Kicking the Tires of a 72 Imperial

Jim Lundstrom

After a long and taxing day, I relaxed once I got home by hopping in the driver’s seat of a 72 Imperial. Let me be more precise:  A 72 Imperial Chocolate Cream Stout from the Breckinridge Brewery of, according to the screen-printed label, Denver, Colo.

Creamy, rich darkness washes over me with each sip. The chocolate seems like a mix of milk chocolate and cocoa – luscious and elemental. Invigorating!

But I keep thinking about that 72 Imperial. Why a 72 Imperial?

I didn’t find a brewery website or any information about the connection online, so instead I looked for information on the 1972 Chrysler Imperial. It was the first year of teardrop rear lights, for one thing.

The majority of the 15,794 Imperials Chrysler produced for 1972 were of the six-passenger, four-door hardtop variety, retailing at $6,762.

The website allpar.com goes on to say:  “Standard equipment included power steering, power brakes, power windows, and air conditioning. Tires were L84 x 15 inch in size. Whitewall steel-belted radial tires were $79.70 extra. The sidestrip protective molding continued. A dual-control A/C was optional at $250.85. A radio of some type was installed in 99.5 percent of Imperials built. The anti-lock brake system was $334 extra. Power vent windows were $85.34 on four-door models. Bucket seats appeared on 11 percent of production, while the adjustable steering column reached 78.2 percent. The power-operated sunroof was available at $584.75.”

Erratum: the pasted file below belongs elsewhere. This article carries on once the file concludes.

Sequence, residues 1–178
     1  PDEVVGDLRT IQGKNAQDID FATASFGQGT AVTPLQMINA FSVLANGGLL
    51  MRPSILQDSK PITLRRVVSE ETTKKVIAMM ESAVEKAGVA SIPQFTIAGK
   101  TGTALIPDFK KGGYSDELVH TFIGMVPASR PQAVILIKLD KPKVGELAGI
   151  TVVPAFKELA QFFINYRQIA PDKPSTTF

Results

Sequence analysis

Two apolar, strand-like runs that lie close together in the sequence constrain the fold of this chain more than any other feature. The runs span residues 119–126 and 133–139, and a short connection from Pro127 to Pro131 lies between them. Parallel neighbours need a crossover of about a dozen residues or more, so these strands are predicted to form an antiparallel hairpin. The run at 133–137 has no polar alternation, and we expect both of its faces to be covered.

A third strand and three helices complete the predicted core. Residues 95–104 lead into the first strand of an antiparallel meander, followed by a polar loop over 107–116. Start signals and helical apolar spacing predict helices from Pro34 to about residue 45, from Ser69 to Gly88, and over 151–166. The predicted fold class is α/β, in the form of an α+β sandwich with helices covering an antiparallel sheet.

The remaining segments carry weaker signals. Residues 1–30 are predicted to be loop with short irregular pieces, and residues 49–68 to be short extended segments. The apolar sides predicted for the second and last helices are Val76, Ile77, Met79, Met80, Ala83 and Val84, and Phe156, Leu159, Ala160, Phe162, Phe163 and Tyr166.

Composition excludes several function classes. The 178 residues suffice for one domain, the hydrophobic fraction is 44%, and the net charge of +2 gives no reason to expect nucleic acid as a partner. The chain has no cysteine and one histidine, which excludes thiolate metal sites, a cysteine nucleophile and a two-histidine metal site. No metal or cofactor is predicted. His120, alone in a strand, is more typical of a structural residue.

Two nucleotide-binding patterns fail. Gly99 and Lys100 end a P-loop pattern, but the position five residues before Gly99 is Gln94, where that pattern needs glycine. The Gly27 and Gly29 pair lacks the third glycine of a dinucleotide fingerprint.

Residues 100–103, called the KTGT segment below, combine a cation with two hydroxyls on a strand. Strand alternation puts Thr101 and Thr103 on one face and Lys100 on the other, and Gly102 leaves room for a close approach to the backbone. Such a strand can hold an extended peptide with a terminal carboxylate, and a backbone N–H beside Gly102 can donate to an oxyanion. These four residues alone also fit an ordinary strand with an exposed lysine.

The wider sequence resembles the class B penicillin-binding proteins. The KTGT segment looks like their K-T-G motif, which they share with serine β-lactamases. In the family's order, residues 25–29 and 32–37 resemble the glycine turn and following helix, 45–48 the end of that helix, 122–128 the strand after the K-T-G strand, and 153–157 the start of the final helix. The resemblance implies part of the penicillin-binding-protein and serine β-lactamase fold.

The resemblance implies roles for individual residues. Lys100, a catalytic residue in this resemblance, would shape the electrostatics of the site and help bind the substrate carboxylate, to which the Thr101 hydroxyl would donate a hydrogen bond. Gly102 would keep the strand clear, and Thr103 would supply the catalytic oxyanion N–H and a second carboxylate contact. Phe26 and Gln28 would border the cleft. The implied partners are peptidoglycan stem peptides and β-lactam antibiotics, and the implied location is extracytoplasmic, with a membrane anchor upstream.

In short, it was Chrysler’s luxury model for many years, not just 1972. Perhaps that is all it means – 72 Imperial Chocolate Cream Stout is Breckenridge’s luxury model. I don’t know that since I don’t recall having a Breckenridge brew before, however, I am going to take that as the reason for the name. I feel richer for having drunk it.

How do you know you’ve walked into the right beer bar? When on tap of an amazing lineup of draft beers there is a multi-page bottled beer list, plus, for the season, a separate page of spectacular winter warmers that make you say aloud after reading each one, “I want that one!”

Such was the case during a recent and all-too rare visit to Bier Zot in Sister Bay. I’ve had good beer experiences there in the past, but the selection of winter warmers warmed the cockles of my flinty and battle-scarred heart.

At long last I decided it would be foolhardy to pass up a four-year-old barleywine, so opted for the January 2012 vintage Bourbon Barrel Barleywine from Central Waters Brewing of Amherst, Wis.

Good stuff, I assure you. However, my tasting notes from that night got lost somehow when reality stepped in on my until-then relaxing night and I had to head south to the big city to see what was going on with a fire aboard an ancient cement carrier that was undergoing repairs at the local shipyard.

What I do know, I really enjoyed having the ability to choose such an exotic beer at a local bar. We’ve come such a very long way!